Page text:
Although chronic obstructive pulmonary disease (COPD) and idiopathic pulmonary fibrosis (IPF) seem to be opposite entities from a clinical perspective, common initial pathogenic steps have been suggested in both lung diseases. Emphysema is caused by an elastase/anti-elastase imbalance leading to accelerated elastin degradation. Elastinolysis is however, also accelerated in the IPF patients’ lungs. The amino acids desmosine and isodesmosine (DES) are unique to elastin. During the degradation process, elastases liberate DES from elastin fibers. Blood DES levels consequently reflect the rate of systemic elastinolysis and are increased in COPD. This is the first report describing elevated DES levels in IPF patients. We also demonstrated that the age-related increment of DES concentrations is enhanced in IPF. Our current study suggests that elastinolysis is a shared pathogenic step in both COPD and IPF. Further investigation is required to establish the relevance of accelerated elastin degradation in IPF and to determine whether decelerating this process leads to slower progression of lung fibrosis and better survival for patients with IPF. Full text.
Chronic obstructive pulmonary disease (COPD) is a leading cause of morbidity and mortality worldwide. Although cigarette smoking is the most important risk factor, not all smokers develop the disease. Previous studies have suggested a role for fat soluble vitamins D and A in the pathogenesis of COPD. To the best of our knowledge vitamin K has never been studied as a potential causative factor. In the lungs of COPD patients there is an imbalance between proteases degrading connective tissue components like elastin, and antiproteases protecting against this degenerative process. Desmosine only occurs in elastin and therefore its plasma levels reflect the rate of elastin degradation. Elastin has high affinity for calcium and during aging the calcium concentration in elastin rises. Elastin degradation and calcification are inter-related since degraded elastin is more susceptible to calcification and vice versa. Matrix Gla protein (MGP) is a vitamin K dependent protein and the strongest natural inhibitor of elastin calcification. We hypothesized that COPD patients have lower vitamin K status than smokers without COPD and that plasma desmosine levels are inversely associated with vitamin K status. A total of 186 subjects were included in this study, of whom 111 were COPD patients, 41 were (ex-)smokers without COPD and 34 were never-smokers. Dp-ucMGP (inactive MGP) is formed during vitamin K insufficiency, and its plasma levels were used as a surrogate marker for vitamin K status. Plasma dp-ucMGP was quantified using an ELISA technique based on conformation-specific antibodies. Plasma desmosine levels were measured with LC-MS/MS using deuterium labelled desmosine as internal standard. Significantly lower vitamin K status was found in COPD patients compared to (ex-)smoking controls (p=0.001). No significant difference in vitamin K status was found between (ex-)smokers without COPD and never-smokers. COPD patients had lower vitamin K status than never-smokers, although the difference was not statistically significant (p=0.08). Vitamin K status was inversely associated with plasma desmosine levels in both COPD patients and controls (p<0.001). We demonstrated poor vitamin K status in COPD patients and an inverse association between vitamin K status and the rate of elastin degradation. Our study is the first to suggest a potential role for vitamin K in the pathogenesis of COPD. An interventional trial is needed to clarify whether vitamin K supplementation has a positive effect on disease progression in COPD. Abstract ATS 2016 San Francisco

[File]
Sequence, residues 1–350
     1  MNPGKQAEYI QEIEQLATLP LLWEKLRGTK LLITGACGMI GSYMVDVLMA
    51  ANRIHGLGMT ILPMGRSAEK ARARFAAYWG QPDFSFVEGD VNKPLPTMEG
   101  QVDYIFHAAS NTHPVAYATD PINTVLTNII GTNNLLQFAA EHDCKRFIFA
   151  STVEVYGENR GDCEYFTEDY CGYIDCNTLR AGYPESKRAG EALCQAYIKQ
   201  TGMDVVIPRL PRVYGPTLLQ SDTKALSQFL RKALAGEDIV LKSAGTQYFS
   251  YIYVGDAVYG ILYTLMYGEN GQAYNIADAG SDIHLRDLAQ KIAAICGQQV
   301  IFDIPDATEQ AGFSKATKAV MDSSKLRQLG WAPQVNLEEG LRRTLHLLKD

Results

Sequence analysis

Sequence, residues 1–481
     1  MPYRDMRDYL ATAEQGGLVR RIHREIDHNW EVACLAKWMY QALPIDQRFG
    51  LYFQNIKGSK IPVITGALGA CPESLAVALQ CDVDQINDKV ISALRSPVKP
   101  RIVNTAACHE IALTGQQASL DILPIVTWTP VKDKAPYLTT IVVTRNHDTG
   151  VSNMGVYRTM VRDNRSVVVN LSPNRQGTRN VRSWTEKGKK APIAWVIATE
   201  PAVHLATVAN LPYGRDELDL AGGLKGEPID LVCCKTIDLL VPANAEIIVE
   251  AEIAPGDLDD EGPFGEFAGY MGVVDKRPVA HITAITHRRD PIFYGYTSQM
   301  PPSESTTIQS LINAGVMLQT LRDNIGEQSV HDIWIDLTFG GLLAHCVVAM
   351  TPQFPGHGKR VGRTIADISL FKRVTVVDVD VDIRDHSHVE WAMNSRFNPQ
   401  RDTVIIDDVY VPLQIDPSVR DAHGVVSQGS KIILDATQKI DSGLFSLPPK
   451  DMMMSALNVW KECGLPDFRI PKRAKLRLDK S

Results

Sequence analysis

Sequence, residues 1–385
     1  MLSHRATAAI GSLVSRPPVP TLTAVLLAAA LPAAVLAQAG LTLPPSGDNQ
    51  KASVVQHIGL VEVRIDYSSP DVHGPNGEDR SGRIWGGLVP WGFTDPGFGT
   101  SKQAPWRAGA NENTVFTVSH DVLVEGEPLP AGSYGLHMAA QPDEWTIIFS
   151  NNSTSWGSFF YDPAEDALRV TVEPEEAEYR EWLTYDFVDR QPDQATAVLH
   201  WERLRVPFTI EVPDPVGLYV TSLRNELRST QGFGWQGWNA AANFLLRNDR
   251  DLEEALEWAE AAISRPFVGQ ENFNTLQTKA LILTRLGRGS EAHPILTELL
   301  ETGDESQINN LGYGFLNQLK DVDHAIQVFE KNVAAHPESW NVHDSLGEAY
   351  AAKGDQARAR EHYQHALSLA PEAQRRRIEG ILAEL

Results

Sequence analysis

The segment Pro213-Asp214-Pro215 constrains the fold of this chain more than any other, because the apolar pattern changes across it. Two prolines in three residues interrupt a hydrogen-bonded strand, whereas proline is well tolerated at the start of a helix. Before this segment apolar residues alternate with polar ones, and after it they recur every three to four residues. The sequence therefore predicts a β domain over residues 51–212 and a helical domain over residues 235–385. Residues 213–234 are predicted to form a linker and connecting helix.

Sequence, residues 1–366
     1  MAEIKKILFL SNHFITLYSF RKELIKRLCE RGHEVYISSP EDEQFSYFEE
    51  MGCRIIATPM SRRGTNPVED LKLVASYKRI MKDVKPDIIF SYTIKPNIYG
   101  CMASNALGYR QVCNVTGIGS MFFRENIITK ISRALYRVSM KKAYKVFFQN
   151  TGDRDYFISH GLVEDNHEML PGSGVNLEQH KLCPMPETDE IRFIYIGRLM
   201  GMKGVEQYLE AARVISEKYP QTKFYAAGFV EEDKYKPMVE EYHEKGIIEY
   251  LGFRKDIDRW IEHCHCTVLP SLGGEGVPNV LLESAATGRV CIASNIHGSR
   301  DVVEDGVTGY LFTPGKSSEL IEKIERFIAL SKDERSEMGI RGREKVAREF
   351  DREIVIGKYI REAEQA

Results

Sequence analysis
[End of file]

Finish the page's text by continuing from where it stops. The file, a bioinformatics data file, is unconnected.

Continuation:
The RAPID trial is the single largest randomized placebo-controlled trial of alpha1-antitrypsin augmentation therapy completed to date. Ma et al. measured plasma desmosine levels in participants of this study and they presented the results of this very interesting study at the American Thoracic Society meeting 2015. In patients receiving alpha1-antitrypsin supplementation, plasma desmosine levels decreased significantly at 3 months and were further reduced at 1 year and 2 years compared to baseline desmosine levels. An increase in plasma desmosine levels was observed in the placebo group at 3 months and 1 year and 2 years compared to baseline levels. A significant treatment difference between groups (active arm versus placebo arm) was observed at every time point. Furthermore, plasma desmosine levels were inversely correlated with CT scan lung density decline. Ma et al. demonstrated with this study that plasma desmosine has great potential for use as a surrogate-endpoint in clinical trials to assess the effects of interventions on emphysema progression especially in alpha1-antitrypsin supplementation trials.